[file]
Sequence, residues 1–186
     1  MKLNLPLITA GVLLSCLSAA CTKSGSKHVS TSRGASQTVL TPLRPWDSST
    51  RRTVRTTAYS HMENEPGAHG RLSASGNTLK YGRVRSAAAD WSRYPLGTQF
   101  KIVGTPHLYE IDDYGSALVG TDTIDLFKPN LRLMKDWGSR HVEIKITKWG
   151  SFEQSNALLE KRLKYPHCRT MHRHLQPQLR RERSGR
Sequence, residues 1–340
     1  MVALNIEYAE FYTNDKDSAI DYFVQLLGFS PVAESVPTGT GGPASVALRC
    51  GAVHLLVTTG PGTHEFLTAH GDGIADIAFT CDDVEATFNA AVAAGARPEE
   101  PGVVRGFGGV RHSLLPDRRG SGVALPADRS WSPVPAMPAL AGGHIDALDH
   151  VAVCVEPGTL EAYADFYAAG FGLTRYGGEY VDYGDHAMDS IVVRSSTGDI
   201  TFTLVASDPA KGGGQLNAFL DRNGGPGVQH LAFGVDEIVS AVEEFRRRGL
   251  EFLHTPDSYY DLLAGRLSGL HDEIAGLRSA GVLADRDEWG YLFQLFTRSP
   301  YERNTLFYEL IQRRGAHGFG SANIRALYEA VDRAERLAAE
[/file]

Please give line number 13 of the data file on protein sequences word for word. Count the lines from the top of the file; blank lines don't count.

   301  YERNTLFYEL IQRRGAHGFG SANIRALYEA VDRAERLAAE